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Review: Paul Corthorn – In the Shadow of the Dictators

Categories: Features Reviews

Gareth Beynon offers his thoughts on Paul Corthorn's 'In the Shadow of the Dictators'.

In the Shadow of the Dictators looks at the ways in which the British left, with an emphasis on the Independent Labour Party (ILP) and the Socialist League, responded to the economic and political crises of the 1930s. It is detailed and thorough in its analysis of the debates which took place within these organisations but frustratingly pays very little attention to agitational and propaganda work carried out by the left.  Anti-fascist mobilisations and the hunger marches are barely mentioned. This is a significant omission; it leaves the accounts of the debates on the left abstracted from their political context. The impression this can sometimes give is of individuals railing against one another for no particular reason which is deeply inaccurate. One cannot gauge the validity of the various responses of forces on the left without understanding the challenges and opportunities thrown up by the movements.

The emphasis on the Socialist League and the ILP, at the expense of the Communist Party, is understandable given the plethora of work available elsewhere on the CPGB in the 1930s. However one is left with the impression of a missing chunk of the analysis as we are left with little serious comment on one of the three component parts of the British far left. This book would have benefited from an appreciation of the crisis of the CPGB following the line of ‘class against class’ between 1928 and 1933 which led to isolation from the wider working class and plummeting membership figures and the more open approach to politics which typified the approach of the CPGB for the rest of the decade. The suspicion which the Labour left and the ILP held for the CPGB is instead left largely unexplained by Corthorn.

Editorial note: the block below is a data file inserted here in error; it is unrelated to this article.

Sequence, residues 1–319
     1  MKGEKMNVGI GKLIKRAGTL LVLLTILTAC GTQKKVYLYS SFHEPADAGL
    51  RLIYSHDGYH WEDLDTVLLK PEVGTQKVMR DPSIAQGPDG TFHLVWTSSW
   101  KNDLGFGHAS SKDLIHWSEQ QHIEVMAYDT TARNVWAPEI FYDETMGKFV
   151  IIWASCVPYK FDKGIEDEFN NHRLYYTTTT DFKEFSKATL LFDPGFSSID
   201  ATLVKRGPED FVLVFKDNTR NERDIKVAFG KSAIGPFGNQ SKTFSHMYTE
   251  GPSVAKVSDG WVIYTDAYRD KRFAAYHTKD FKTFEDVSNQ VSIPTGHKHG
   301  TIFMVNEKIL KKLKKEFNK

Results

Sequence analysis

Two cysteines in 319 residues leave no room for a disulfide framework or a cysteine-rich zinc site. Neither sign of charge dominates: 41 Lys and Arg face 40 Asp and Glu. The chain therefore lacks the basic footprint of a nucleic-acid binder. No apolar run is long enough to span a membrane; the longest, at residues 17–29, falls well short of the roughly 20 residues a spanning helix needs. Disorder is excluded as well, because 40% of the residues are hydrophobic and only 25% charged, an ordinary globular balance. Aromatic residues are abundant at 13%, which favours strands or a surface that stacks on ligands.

What Corthorn does well to capture is the extent to which the near ubiquitous pro-Soviet Union identity of the British left served to undermine it. The left leapt at any tentative signs of democratisation in theUSSRand ended up looking exceedingly foolish when they were proved to be false dawns. Soviet membership of the League of Nations threw the left into crisis, as did the show trials and the Stalinist line onSpain.  The crimes of theSoviet Unionand the alacrity with which the left defended them made it easy for moderates in the Labour Party and the right to discredit and outmaneuvered the left. This attitude may well have informed the lack of democracy in these left organisations.  Sir Stafford Cripps did whatever he liked, often in contradiction to the positions taken by the Socialist League. The ILP parliamentary group repeatedly flouted party discipline too with scant regard for the democratic process within the organisation.

This book has more than a little contemporary resonance.  We too face a profound economic, political and imperial crisis of capitalism today. The left was reeling from the disaster of the great betrayal, when Ramsay MacDonald and various allies defected from Labour to form a National government with the Tories. The result was that Labour took a pummeling in the 1932 general election.  An unpopular coalition government and a left disorientated from the experience of a series of defeats does not seem so very different from our current situation either. A serious study of the left and its responses to the crises of the 1930s therefore makes for interesting reading. However the omissions from the narrative and flaws of the approach taken leave a frustratingly incomplete account of the period.

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